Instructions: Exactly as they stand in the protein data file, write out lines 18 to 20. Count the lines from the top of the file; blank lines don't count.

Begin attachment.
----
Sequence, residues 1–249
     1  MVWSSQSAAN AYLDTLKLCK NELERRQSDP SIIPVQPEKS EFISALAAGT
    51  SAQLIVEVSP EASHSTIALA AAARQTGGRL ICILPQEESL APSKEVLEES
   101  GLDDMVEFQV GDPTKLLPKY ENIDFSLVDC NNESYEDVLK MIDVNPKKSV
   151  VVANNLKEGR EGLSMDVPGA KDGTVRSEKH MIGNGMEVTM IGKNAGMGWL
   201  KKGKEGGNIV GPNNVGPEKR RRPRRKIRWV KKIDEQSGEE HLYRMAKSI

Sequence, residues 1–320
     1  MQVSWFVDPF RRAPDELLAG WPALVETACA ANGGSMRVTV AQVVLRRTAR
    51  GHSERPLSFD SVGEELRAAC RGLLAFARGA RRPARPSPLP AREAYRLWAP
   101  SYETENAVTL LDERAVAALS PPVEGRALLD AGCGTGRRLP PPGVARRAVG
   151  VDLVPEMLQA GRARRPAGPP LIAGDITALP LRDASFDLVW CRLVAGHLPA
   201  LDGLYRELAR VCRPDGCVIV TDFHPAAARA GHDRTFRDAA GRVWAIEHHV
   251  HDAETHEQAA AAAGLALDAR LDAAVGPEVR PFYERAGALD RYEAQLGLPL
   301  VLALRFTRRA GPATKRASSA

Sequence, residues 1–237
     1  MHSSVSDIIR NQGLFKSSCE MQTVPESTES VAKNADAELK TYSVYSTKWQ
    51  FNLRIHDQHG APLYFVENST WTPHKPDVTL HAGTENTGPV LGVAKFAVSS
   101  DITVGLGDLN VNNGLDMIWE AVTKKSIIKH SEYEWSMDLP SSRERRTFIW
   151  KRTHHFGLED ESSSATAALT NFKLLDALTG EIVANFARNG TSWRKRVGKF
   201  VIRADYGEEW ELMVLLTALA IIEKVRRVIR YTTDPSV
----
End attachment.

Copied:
   101  DITVGLGDLN VNNGLDMIWE AVTKKSIIKH SEYEWSMDLP SSRERRTFIW
   151  KRTHHFGLED ESSSATAALT NFKLLDALTG EIVANFARNG TSWRKRVGKF
   201  VIRADYGEEW ELMVLLTALA IIEKVRRVIR YTTDPSV